ATM kinase plays a central role in signaling DNA double-strand breaks to cell cycle checkpoints and to the DNA repair machinery. Although the exact mechanism of ATM activation remains unknown, efficient activation requires the Mre11 complex, autophosphorylation on S1981 and the involvement of protein phosphatases and acetylases. We report here the identification of several additional phosphorylation sites on ATM in response to DNA damage, including autophosphorylation on pS367 and pS1893. ATM autophosphorylates all these sites in vitro in response to DNA damage. Antibodies against phosphoserine 1893 revealed rapid and persistent phosphorylation at this site after in vivo activation of ATM kinase by ionizing radiation, paralleling that observed for S1981 phosphorylation. Phosphorylation was dependent on functional ATM and on the Mre11 complex. All three autophosphorylation sites are physiologically important parts of the DNA damage response, as phosphorylation site mutants (S367A, S1893A and S1981A) were each defective in ATM signaling in vivo and each failed to correct radiosensitivity, genome instability and cell cycle checkpoint defects in ataxia-telangiectasia cells. We conclude that there are at least three functionally important radiation-induced autophosphorylation events in ATM.

  9. Tailoring Silica-alumina Supported Pt-Pd As Poison Tolerant Catalyst For Aromatics Hydrogenation

    SciTech Connect

    Yu, Yanzhe; Gutierrez, Oliver Y.; Haller, Gary L.; Colby, Robert J.; Kabius, Bernd C.; Rob van Veen, J. A.; Jentys, Andreas; Lercher, Johannes A.

    2013-08-01

    The tailoring of the physicochemical and catalytic properties of mono- and bimetallic Pt-Pd catalysts supported on amorphous silica-alumina is studied. Electron energy loss spectroscopy and extended X-ray absorption fine structure analyses indicated that bimetallic Pt-Pd and relatively large monometallic Pd particles were formed, whereas the X-ray absorption near edge structure provided direct evidence for the electronic deficiency of the Pt atoms. The heterogeneous distribution of metal particles was also shown by high resolution transmission electron microscopy. The average structure of the bimetallic particles (Pt-rich core and Pd-rich shell) and the presence of Pd particles led to surface Pd enrichment, which was independently shown by IR spectra of adsorbed CO. The specific metal distribution, average size, and surface composition of the Pt-Pd particles depend to a large extent on the metal precursors. In the presence of NH3 ligands, Pt-Pd particles with a fairly homogeneous bulk and surface metal distribution were formed. Also high Lewis acid site concentration of the carrier leads to more homogeneous bimetallic particles. All catalysts were active for the hydrogenation of tetralin in the absence and presence of quinoline and dibenzothiophene (DBT). Monometallic Pt catalysts had the highest hydrogenation activity in poison-free and quinoline-containing feed. When DBT was present, bimetallic Pt-Pd catalysts with the most homogenous metal distribution showed the highest activity. The higher resistance of bimetallic catalysts towards sulfur poisoning compared to their monometallic Pt counterparts results from the weakened metal-sulfur bond on the electron deficient Pt atoms. Thus, increasing the fraction of electron deficient Pt on the surface of the bimetallic particles increases the efficiency of the catalyst in the presence of sulfur.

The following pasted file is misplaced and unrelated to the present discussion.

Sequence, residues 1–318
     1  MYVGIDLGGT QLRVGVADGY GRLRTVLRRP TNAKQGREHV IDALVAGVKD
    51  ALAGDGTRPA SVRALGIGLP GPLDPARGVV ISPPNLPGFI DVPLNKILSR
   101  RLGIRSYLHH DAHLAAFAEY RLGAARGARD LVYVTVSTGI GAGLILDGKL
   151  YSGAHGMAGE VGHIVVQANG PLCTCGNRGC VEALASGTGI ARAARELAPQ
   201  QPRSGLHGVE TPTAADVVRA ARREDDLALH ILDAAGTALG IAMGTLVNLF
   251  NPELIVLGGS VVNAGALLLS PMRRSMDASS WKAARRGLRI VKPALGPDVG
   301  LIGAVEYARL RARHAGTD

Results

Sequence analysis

10. Enhanced methanol electro-oxidation reaction on Pt-CoOx/MWCNTs hybrid electro-catalyst

    NASA Astrophysics Data System (ADS)

    Nouralishahi, Amideddin; Rashidi, Ali Morad; Mortazavi, Yadollah; Khodadadi, Abbas Ali; Choolaei, Mohammadmehdi

    2015-04-01

    The electro-catalytic behavior of Pt-CoOx/MWCNTs in methanol electro-oxidation reaction (MOR) is investigated and compared to that of Pt/MWCNTs. The electro-catalysts were synthesized by an impregnation method using NaBH4 as the reducing agent. The morphological and physical characteristics of samples are examined by XRD, TEM, ICP and EDS techniques. In the presence of CoOx, Pt nanoparticles were highly distributed on the support with an average particle size of 2 nm, an obvious decrease from 5.1 nm for Pt/MWCNTs. Cyclic voltammetry, CO-stripping, Chronoamperometry, and electrochemical impedance spectroscopy (EIS) measurements are used to study the electrochemical behavior of the electro-catalysts. The results revealed a considerable enhancement in the oxidation kinetics of COads on Pt active sites by the participation of CoOx. Compared to Pt/MWCNTs, Pt-CoOx/MWCNTs sample has a larger electrochemical active surface area (ECSA) and higher electro-catalytic activity and stability toward methanol electro-oxidation. According to the results of cyclic voltammetry, the forward anodic peak current density enhances more than 89% at the optimum atomic ratio of Pt:Co = 2:1. Furthermore, inclusion of cobalt oxide species causes the onset potential of methanol electro-oxidation reaction to shift 84 mV to negative values compared to that on Pt/MWCNTs. Based on EIS data, dehydrogenation of methanol is the rate-determining step of MOR on both Pt/MWCNTs and Pt-CoOx/MWCNTs, at small overpotentials. However, at higher overpotentials, the oxidation of adsorbed oxygen-containing groups controls the total rate of MOR process.